Connecticut Chapter 148 met on Saturday morning, March 19. Over ninety members and friends attended. Our meeting featured a well stocked mart, raffle, and impromptu book discussion.

Members sought and received instruction on subjects as varied as setting up a cuckoo clock in a neighbor's home; repairing tiny ladies' watches; repairing a minute repeating watch with a push wind crown; and repairing the broken bottom pivot of a ship's chronometer balance staff.

Our book discussion centered around a few classic works pertaining to the science and history of time and time keeping. For example, The Universe and Dr. Einstein by Lincoln Barnett, 2nd revised ed. (NY: Bantam Books, 1980), offers a concise summary of Einstein's remarkable historic discoveries that forever changed the way time, and indeed, the entire universe, are conceptualized. Similarly, A Brief History of Time, by Stephen Hawking (NY: Bantam Books, 1988) offers amazing insights in a very readable format. Another current favorite is Ships, Clocks, and Stars: the Quest for Longitude, by Richard Dunn and Rebekah Higgitt (NY: Harper Design, 2014). Finally, early political and scientific aspects of the struggle for a way to measure longitude are well documented in: Longitude and Empire: How Captain Cook's Voyages Changed the World, by Brian Richardson (Vancouver, B.C.: UBC Press, 2005.)

At the Chapter's May meeting, Bob Frishman (MA) will present an overview of the upcoming NAWCC Symposium, to be held at the Winterthur Museum in Wilmington, Delaware, in October 2016. Stay tuned.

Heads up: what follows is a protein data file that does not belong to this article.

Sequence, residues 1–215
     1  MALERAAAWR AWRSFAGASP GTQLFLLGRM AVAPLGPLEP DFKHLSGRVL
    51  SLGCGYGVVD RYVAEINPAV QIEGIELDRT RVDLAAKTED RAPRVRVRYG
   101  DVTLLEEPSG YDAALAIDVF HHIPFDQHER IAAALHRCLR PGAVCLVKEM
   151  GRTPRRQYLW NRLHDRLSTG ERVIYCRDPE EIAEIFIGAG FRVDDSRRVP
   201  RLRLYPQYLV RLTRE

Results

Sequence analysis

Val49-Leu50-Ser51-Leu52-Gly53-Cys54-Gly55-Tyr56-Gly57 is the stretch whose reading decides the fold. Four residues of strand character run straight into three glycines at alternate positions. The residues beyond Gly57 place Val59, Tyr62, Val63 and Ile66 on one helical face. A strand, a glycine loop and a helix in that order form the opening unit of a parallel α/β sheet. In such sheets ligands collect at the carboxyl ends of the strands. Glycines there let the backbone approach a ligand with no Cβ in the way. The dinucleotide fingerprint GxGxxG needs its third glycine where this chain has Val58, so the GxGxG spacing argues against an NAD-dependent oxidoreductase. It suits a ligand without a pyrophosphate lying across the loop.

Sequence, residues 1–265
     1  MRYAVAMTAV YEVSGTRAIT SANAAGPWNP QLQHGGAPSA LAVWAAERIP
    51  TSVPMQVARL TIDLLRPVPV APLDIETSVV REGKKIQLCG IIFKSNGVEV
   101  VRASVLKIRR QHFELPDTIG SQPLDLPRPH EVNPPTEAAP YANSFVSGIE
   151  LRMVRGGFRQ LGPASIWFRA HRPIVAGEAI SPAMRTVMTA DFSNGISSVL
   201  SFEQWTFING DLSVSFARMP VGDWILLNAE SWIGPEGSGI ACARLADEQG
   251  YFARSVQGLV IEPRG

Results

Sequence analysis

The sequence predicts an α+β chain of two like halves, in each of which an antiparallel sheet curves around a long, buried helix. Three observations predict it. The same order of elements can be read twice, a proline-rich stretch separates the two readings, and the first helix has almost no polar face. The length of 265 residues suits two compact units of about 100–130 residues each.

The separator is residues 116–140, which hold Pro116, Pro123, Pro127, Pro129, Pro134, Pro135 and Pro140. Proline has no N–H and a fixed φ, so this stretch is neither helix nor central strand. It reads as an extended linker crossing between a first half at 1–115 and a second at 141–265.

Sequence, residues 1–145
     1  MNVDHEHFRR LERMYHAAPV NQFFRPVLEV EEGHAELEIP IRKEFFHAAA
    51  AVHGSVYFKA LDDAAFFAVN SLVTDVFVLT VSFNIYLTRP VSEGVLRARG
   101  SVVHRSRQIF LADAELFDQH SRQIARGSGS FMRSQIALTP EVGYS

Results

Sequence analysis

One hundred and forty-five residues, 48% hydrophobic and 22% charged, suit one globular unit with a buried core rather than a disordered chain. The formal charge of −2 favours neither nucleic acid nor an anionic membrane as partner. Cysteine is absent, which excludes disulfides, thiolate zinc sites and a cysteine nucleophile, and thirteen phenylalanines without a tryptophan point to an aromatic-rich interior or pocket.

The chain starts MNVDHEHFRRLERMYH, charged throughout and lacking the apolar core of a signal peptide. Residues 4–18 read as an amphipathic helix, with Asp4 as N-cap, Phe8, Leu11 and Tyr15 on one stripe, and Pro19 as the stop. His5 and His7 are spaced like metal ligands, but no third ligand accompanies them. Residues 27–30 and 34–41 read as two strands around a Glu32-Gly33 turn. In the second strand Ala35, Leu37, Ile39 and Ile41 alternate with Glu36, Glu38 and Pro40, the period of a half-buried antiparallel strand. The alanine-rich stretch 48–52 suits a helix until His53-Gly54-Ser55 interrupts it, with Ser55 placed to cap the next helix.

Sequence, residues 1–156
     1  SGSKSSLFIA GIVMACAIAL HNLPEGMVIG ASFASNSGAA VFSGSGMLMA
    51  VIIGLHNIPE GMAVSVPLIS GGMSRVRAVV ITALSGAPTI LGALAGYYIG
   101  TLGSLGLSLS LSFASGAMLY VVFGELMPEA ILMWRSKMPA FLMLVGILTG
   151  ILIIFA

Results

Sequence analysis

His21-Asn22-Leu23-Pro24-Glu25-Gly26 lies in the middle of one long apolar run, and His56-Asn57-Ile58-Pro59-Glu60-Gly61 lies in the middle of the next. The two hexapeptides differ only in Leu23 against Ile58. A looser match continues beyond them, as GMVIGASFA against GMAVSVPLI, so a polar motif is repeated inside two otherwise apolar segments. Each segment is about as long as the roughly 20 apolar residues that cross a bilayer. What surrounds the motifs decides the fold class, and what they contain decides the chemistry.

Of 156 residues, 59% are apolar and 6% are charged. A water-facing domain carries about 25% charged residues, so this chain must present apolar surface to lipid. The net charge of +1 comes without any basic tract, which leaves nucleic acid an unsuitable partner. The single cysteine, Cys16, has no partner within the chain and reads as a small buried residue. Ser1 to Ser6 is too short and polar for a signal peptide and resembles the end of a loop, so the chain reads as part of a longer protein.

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January 16, 2016 Meeting Highlights
by Mary Jane Dapkus

Connecticut Chapter 148 held its first meeting of the New Year on Saturday morning, January 16. A chilly rain fell as members converged on the historic Edmund Town Hall in Newtown. In light of years past, however, few if any complaints about the weather were either heard or entertained.

Our January meetings typically do not include a speaker. Instead, as might be expected, members enjoyed the opportunity to chat about the holidays, repair issues, recent auctions, and exhibits. In the latter category, we learned that a new exhibit of clocks and watches designed specifically for royal customers is about to, or has recently opened, at the Metropolitan Museum in New York City. Closer to home, “Ships, Clocks, and Stars”, a loan exhibition from the National Maritime Museum at Greenwich, England, continues on display at Mystic Seaport in Mystic, CT, until March 28, 2016. This exhibit tells the story of a key piece of Britain's 18th century quest to rule the seas: the need for a reliable method to determine longitude, through a number of unique objects and artifacts. For those who may have missed it at Mystic, “Ships, Clocks, and Stars” will travel next to Sydney, Australia, the final stop on the exhibit's world tour.

Items spotted at the mart included a weight-driven 30-hr. time, strike and alarm, wood movement shelf clock by Wells Forbs, Bristol, New Hampshire, bearing label dated 1842. Also encountered was a loose tall clock dial signed "Bevan / 23 Argyle St. / Birkenhead"; a miniature bird-in-a-cage clock with alarm, ca. 1900, of German origin, with an 8-day movement, having two horizontal dials above the bird, one showing hours and one minutes; a "Tidey Furnace Clock", bearing the patent date of March 23, 1923 on its dial, part of a device used to close the flue of a coal-fired furnace; a "tape measure" clock; and a "Zig et Puce" (French comic book characters) animated and musical alarm clock dating to ca. 1940.

A very happy, healthy, New Year to all!

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The American Clock & Watch Museum in Bristol, Connecticut

The Timexpo Museum